although i respect your ideas i can't say i totally agree to this kind of set-up. i worked in nursing homes for years, adult care centers (day-care), assisted living facilities, and such as an occupational therapist prior to moving here to madinah. although social interaction is important and often crucial i don't think places like these do an adequate job at this. they have their room, maybe a roomate who doesn't speak..because Allah tells us in the Quran that we are born in weakness, then given strength and if we live long enough will be brought to weakness again. in the west, US, where nursing homes are everywhere it would be difficult for an elder to reflect on Quran with peers namely because there might not be any other Muslims. the talking, the playing card games, and eating non-halal lunches are not easy for a muslim elder.

for a muslim home in the west to take in their parents, even if the greater part of the day they are left alone safely ..would be more service, more grace to the elder rather than dropping them off at a daycare with others who do not share the same values and beliefs.

quite hoenstly, it is difficult for most elders to request of their children to care for them as they get older, so if an adult child suggests this..and the elder seems happy about it..it could be that its just that.."seems", and not really is.

these outlets are all good if they allow the elder self-expression as a Muslim and encourage that..but the truth is, they really don't.

male nurses going in on female elders is a common occurrance..sometimes laughed off rather than stating the need of modesty on behalf of the elder.

nurses aids who have to get so many people up and ready in a day makes fosters a non-caring environment..

then you have the adult day care centers which really revolves around leisure activities namely games like bingo, and even betting is involved. sometimes dogs will come in for visits..

ive been a part of these places and i pray that my parents never have to be in a position of need, and if they do then i pray that Allah will facilitate me to be their direct careprovider.

you may know of the story of a man who did tawaf carrying his mother on his shoulder and then approached Rasullilah, as, to ask: have i fulfilled my duties upon her? He said NEVER! subhanAllah.
i know this is not easy for everyone, but we should also refrain from making excuses. because the truth is, it is not an act of charity..it is an act of obligation. Allah knows best. jazakAllah kheir for this thought provoking post.

hijabhaven said...

Salaam Ijtema,
thanks again.

Salaam Suhaa,
Thank you for disagreeing with me. That's what blogs are for. I'm glad you left a comment - and a really long descriptive one at that - to share your experience working in elder homes. I understand that it is an obligation to take care of parents when they attain their older years and I also agree that many of the establishments in the West were set up to really deposit old folks when they became a burden. Similarly, some of the elderly check themselves in when they have no where else to go.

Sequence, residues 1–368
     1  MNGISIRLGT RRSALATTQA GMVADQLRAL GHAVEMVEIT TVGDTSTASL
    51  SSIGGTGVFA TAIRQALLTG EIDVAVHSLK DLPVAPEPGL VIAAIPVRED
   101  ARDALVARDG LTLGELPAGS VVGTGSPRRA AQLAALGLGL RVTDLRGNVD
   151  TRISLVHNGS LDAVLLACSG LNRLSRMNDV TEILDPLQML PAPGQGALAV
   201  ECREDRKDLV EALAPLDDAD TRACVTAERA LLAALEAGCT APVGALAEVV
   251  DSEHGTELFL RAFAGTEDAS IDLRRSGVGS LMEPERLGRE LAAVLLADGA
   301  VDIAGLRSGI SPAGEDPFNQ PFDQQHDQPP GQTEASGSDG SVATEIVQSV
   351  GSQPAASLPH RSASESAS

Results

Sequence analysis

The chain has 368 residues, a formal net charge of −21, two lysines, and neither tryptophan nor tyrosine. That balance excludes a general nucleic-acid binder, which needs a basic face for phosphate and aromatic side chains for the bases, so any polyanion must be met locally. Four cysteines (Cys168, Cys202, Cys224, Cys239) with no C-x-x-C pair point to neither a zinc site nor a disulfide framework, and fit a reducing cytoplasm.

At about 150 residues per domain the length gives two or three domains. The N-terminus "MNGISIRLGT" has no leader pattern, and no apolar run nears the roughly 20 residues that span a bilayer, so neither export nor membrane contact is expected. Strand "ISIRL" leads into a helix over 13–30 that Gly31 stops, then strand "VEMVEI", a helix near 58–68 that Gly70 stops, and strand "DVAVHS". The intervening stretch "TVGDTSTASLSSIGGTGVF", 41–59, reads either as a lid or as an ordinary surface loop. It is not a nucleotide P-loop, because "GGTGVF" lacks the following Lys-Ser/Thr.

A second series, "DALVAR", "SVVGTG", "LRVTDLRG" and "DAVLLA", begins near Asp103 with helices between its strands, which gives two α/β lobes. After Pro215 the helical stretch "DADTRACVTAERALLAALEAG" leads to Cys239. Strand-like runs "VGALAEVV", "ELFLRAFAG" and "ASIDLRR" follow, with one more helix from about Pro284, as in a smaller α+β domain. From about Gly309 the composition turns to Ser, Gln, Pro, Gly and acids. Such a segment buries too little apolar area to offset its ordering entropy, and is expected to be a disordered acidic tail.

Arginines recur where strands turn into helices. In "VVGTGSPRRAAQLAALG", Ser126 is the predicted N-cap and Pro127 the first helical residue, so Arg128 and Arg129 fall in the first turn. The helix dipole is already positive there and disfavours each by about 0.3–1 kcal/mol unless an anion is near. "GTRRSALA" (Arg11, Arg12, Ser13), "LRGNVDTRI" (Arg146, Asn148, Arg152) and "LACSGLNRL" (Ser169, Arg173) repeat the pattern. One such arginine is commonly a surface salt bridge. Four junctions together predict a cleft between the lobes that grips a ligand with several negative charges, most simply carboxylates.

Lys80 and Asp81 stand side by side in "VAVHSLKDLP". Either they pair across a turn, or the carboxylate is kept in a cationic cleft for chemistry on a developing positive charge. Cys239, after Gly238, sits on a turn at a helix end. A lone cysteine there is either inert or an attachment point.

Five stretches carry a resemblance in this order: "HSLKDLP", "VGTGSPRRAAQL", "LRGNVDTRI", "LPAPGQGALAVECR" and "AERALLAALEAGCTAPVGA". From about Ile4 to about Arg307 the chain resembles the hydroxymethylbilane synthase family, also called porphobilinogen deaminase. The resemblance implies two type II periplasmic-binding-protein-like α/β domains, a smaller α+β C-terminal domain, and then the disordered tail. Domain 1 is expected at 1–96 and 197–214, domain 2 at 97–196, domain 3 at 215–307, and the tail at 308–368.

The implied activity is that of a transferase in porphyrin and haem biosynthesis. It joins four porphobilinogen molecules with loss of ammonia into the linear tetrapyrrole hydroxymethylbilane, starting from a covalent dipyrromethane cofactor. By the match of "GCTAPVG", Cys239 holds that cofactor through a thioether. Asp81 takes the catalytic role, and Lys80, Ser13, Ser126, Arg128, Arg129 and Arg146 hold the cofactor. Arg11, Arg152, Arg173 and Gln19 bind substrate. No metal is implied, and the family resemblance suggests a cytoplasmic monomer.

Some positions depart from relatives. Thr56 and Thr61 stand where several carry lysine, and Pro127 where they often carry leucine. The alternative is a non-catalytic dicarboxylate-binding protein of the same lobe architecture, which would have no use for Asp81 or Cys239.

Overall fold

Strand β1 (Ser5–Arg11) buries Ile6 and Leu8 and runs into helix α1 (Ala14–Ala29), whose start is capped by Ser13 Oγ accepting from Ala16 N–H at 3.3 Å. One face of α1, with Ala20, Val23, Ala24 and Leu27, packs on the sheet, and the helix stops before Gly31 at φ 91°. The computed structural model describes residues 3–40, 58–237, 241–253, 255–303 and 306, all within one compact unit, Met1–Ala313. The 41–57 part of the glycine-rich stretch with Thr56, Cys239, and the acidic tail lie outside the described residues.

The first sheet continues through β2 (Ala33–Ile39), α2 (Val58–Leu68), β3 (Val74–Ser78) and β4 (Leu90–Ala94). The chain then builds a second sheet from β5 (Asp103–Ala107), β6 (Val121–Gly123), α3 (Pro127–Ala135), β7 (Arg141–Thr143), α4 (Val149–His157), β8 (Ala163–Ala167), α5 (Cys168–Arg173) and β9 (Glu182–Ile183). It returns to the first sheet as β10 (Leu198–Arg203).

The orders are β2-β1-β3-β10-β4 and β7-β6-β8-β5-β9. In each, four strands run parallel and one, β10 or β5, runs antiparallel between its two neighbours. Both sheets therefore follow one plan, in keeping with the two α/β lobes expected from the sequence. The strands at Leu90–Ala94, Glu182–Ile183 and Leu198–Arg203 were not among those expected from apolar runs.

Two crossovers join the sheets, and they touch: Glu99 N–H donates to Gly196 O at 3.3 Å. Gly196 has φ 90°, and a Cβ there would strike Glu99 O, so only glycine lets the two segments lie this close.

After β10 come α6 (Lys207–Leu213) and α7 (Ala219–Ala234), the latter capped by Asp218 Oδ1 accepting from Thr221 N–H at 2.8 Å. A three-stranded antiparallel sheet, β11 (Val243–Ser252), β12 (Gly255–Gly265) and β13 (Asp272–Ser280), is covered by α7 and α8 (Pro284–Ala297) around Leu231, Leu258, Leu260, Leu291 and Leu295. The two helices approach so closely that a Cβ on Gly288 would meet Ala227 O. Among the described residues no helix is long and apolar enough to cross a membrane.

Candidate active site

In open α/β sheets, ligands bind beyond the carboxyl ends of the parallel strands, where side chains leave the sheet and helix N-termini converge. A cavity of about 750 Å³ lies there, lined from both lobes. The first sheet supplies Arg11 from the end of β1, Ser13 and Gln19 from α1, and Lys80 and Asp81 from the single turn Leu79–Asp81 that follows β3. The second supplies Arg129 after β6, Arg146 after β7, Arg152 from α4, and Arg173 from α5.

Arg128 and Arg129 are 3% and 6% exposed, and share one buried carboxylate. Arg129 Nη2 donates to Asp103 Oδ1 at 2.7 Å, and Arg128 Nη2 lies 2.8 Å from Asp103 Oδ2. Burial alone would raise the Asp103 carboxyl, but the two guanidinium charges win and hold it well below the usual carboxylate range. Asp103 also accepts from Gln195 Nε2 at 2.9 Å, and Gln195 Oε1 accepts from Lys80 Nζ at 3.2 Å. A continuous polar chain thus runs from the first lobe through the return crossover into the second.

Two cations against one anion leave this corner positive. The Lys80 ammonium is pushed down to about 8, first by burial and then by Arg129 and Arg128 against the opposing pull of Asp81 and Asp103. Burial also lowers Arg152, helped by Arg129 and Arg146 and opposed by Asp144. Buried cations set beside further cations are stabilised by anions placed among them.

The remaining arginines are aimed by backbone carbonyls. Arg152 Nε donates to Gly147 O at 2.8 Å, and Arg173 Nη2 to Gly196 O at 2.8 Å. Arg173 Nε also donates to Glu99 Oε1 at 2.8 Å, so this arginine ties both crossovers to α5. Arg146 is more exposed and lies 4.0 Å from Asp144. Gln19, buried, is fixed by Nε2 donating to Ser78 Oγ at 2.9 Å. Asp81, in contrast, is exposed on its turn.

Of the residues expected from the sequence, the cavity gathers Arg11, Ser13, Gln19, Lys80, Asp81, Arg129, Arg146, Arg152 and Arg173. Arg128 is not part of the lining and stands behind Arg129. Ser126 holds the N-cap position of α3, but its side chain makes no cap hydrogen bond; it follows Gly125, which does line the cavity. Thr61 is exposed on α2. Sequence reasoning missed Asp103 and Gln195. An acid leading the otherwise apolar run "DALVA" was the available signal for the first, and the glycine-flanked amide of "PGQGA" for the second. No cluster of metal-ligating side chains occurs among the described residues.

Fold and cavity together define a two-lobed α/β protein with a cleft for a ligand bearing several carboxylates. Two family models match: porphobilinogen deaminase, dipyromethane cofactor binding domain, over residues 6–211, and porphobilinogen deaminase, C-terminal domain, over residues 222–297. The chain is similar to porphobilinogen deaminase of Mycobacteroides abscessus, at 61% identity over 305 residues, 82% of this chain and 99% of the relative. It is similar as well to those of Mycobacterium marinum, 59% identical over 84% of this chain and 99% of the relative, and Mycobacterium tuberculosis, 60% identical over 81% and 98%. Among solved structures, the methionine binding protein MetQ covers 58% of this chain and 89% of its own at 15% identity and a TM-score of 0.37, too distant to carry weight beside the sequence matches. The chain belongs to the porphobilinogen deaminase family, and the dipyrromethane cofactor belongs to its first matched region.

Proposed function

Of course I am against that type of mentality. But personally I have seen older people who live with their children and take the opportunity (intentionally or not) to create disharmny within the family. It is not uncommon for "in-laws" to institgate arguments in the home and to cause marital dysfunction. I've seen it happen before and still happen now - just because these elderly people decide to waste time moping and groaning rather than partake in spiritual enhancing activities. Nevertheless their children love and respect them and try their best to abide by their needs.

When disharmony happens, they ignore the elder, just to skirt around arguments or fule the fire, so to speak. This usually works in stopping the back-biting but the elder usually takes it the wrong way and moves on to sulk or complain to another son or daughter. Then the ruckus erupts between siblings. Siblings are arguing, then the spouses get involved. It's all a messy do. It does happen unfortunately.

I know this probably does not sound like a good excuse to deposit of the elder to a home. But really that is not the intention. The reason is, the elder is bored. Needs something else to do. That's why I mentioned some of my mum-in-law's friends rent homes together to have their parents stay together to learn / read Qur'an and have pot-luck lunches. They also indulge in gardening, reading, other simple activities.

Of course, I am in a Muslim country and this would not happen in homes in the States. Maybe Muslims have to take an innovative approach to broach this problem?

My concerns, if I were in the position, would be my parents' / in-laws' safety when left home alone for long hours during the day. Let's say if I am out running chores and chauffering my kids around. Normally I would not bother to eat if I am too busy - I would fast. But I would have to worry about the elder who is home alone.

Again, nonMuslim meals are out of the question at nursing homes - so maybe Muslims have to step up and take the reigns - maybe share-parenting (like we do with kids)? Playdates? I don't know - I'm thinking out of the box here.

It's all in best intention to take care of parents and those issues you brought up in your comment are of grave concern. I would not allow any elder of mine to suffer in fear like that.

But if I had the chance to treat them to a nice day-care centre where proper meals are available and they get to exercise (tai-chi for example), read Qur'an and have religious teachers come share their experiences - why not? They don't have to stay there - they can come home - a change just gives them something to look forward to and break the monotony of the days.

It is something to consider - for their health and safety too - provided it's good care. But thanks again, Suhaa - come back and post more comments. It's good to know I've hit some important strings. :)

Dream Land said...

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Wassalam
Thanks